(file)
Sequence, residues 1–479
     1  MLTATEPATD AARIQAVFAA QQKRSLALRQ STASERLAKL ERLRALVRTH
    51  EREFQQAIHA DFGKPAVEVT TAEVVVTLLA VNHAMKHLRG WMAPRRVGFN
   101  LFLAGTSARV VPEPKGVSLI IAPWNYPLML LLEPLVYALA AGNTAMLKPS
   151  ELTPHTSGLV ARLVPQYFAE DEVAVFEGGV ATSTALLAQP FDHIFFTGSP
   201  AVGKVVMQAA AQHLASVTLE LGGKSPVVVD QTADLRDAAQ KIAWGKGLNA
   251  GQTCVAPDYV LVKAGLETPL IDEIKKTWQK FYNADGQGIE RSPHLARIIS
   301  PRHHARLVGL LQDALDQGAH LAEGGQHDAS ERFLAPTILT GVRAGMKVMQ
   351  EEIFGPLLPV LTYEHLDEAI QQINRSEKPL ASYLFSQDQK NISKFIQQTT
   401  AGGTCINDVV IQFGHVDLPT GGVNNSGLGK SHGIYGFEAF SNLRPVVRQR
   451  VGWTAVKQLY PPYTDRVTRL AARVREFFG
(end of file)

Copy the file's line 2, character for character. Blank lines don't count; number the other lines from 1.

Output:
     1  MLTATEPATD AARIQAVFAA QQKRSLALRQ STASERLAKL ERLRALVRTH